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Newscasts Must Cover Climate

Photo by Arthur Ogleznev from Pexels

“And now for the climate…”

As David Sirota pointed out in a recent interview on MSNBC, an occasional mention of climate change isn’t enough to reflect the seriousness of the crisis. We need to cover climate in every single newscast.

When I visited my grandparents as a child, I was fascinated by their obsession with the weather. They only received two stations in rural Mississippi, both a bit fuzzy. They’d tune in first to Channel 3, which delivered the weather forecast at 6:18. Then they’d switch to Channel 12, which delivered the forecast at 6:23.

My grandparents were farmers and wanted to be doubly sure they knew what to expect in the coming hours.

Another early memory is wondering why so much airtime was wasted on sports. There was a war in Vietnam, Watergate trials in Washington, long lines at the gas station. And we needed to spend a full quarter of every newscast on games?

Of course, sports was followed by millions, brought in hundreds of millions of dollars. It was “newsworthy.”

If we can’t make mainstream news cover the climate adequately, let’s stop supporting them and support independent news that does.

Until climate catastrophe and the world’s sixth mass extinction event are treated as comparable to the latest basketball game, we have no hope of adapting to the changes we’re already facing.

Wildfires burn entire towns, increasingly severe storms and more frequent flooding eventscost more and more each year.

When my grandparents watched two weather forecasts, it was for confirmation or to understand slight variations. It wasn’t to get “both sides” on the coming hailstorm or overnight freeze. They didn’t see one forecast for a 10% chance of rain and another for a 90% chance and then decide which forecast they were going to believe before deciding whether or not to bale hay. All forecasts were based on the best science available at the time.

Of course, given the facts, it might be depressing to spend five minutes of every newscast on climate.

But isn’t the news we already see depressing? That’s no reason to avoid the topic.

Climate news could be scary.

And news about rising fascism and the decline of our democracy isn’t?

Would a news anchor start her broadcast with, “Ten homes in the northeast part of the city collapsed into a sinkhole this afternoon. We’ll be bringing you a special report next week at 11:00”?

Crises are newsworthy right now.

Ongoing crises like the embassy takeover in Tehran or the Great Recession or the pandemic get covered in every single newscast.

Greta Thunberg points out that we need to treat the climate crisis as if our house is on fire.

If corporations and the wealthy control politicians, and politicians control policy, then the only way to create change is to show people the importance of climate by setting aside part of every newscast, local and national, to cover the crisis.

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Of course, since all major news networks are corporate themselves, and since they receive ad revenue from fossil fuel corporations, we must pressure the networks.

But we can’t just wait for them to do their job. And we can’t just complain when they don’t do it. The job needs to be done, and while we pressure, we must simply do the job ourselves as best we can.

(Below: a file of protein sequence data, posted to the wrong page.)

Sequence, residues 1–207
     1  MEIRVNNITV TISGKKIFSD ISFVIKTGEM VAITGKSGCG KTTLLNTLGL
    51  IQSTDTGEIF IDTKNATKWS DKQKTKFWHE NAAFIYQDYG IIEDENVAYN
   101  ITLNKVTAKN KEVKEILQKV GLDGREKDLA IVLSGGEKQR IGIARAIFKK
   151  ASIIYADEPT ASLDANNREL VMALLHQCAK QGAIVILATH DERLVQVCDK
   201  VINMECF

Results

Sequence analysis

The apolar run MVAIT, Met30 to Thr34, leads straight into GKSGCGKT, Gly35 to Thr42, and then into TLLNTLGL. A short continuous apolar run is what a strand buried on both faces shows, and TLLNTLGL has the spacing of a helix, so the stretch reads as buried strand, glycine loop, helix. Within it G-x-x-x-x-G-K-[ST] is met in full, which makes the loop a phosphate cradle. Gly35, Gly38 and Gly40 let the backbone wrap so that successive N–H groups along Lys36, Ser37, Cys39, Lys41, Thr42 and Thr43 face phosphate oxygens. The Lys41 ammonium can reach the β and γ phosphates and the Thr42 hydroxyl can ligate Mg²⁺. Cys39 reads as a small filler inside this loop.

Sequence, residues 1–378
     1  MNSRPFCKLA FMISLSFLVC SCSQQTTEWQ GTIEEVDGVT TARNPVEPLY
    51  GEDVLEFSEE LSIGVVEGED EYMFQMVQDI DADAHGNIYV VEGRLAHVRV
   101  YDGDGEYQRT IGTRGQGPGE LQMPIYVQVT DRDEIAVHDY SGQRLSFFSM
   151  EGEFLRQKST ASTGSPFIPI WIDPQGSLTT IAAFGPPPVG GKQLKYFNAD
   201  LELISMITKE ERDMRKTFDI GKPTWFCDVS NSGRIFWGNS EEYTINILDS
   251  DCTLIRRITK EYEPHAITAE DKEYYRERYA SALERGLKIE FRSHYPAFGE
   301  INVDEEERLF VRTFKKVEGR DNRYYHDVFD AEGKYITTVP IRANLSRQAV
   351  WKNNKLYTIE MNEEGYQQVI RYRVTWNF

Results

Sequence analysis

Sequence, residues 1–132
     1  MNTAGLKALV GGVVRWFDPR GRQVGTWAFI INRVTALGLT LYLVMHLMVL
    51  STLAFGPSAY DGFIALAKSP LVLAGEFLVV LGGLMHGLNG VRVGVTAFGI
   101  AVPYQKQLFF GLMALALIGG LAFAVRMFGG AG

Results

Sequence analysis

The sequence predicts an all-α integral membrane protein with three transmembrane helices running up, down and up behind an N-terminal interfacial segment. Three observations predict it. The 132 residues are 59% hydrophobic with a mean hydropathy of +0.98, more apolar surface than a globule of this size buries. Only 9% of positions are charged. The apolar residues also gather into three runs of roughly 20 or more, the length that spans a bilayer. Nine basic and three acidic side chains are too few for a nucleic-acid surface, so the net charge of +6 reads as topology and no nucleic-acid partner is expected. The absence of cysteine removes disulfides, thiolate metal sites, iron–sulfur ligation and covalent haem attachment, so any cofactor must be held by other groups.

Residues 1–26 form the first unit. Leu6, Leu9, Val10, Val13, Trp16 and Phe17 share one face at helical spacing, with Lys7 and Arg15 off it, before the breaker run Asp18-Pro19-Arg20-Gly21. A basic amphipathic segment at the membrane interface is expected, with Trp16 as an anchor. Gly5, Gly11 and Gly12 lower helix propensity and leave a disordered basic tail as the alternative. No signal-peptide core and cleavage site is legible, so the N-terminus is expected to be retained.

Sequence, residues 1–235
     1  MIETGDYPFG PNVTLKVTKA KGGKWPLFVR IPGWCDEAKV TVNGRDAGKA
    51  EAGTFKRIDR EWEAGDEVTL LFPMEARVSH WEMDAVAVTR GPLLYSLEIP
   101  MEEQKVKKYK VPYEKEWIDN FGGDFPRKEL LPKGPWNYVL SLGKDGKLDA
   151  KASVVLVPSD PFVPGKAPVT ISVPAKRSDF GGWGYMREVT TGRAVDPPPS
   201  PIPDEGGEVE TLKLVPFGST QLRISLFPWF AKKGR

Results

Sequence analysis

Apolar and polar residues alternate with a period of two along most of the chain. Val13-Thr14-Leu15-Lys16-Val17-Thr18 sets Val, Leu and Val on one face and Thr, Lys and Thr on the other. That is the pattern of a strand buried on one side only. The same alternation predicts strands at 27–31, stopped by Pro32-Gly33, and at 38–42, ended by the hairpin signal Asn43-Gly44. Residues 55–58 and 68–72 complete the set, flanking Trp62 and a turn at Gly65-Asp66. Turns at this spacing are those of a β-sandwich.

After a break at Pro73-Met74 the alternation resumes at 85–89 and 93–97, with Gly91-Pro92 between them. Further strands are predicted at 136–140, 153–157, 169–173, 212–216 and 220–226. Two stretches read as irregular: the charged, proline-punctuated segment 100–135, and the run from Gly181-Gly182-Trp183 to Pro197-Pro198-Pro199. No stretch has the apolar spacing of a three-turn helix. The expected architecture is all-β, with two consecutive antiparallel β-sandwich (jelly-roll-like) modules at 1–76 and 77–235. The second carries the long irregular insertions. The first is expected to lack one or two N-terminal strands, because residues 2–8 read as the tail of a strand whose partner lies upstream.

Whether we’re making movies about climate to force the conversation, or writing books, holding rallies, boycotting, speaking with our elected officials, commenting publicly in city council meetings, or whatever else our circumstances allow, we must include climate in everything we do.

Sending a winter holiday card featuring a snowy landscape to friends and family? Include a note about rising global temperatures. Sending congratulations to a loved one on the birth of their child? Include a note expressing your sincere wish that society takes the climate crisis seriously so that the child will have a habitable world to live in.

I buy blank greeting cards with photos of fossils or paintings of dinosaurs for just this purpose.

Am I a sick fuck?

Perhaps, but to paraphrase Jennifer Lawrence’s character in Don’t Look Up, “We’re all gonna die!”

My country-raised mom shouted this every time we merged onto the freeway, so it comes naturally to me.

We can be kind, and funny, and friendly, and insist that climate is important enough to include in every conversation, to cover in every newscast.

When a coworker mentioned cities where she might like to relocate in five years, I said, “Oh, those are great choices. But do remember that the Thwaites glacier will probably have melted by then and that sea levels may have risen a meter. And don’t forget which areas seem most likely to be hit with expanding desertification or heavier rainfalls.”

Am I a killjoy?

Is covering the pandemic in newscasts a buzzkill?

The answer may well be yes in both cases, but just because we don’t want to talk about these things doesn’t mean we don’t have to.

If society is going to mobilize enough to address the climate crisis in any meaningful way, the topic must be important enough to speak about for at least five minutes in each newscast. And until that happens, it’s up to us to keep it in the minds of our friends, families, and coworkers.

And in our own minds.

We all need to escape once in a while, and we all need a balanced life in order to sustain mental health.

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But denial as our primary strategy isn’t healthy. That’s true when the issue is disease or fascism or corporate influence or climate disaster.

And if we can’t make mainstream news cover the climate adequately, let’s stop supporting them and instead support independent news that does cover the stories we need to hear.

Johnny Townsend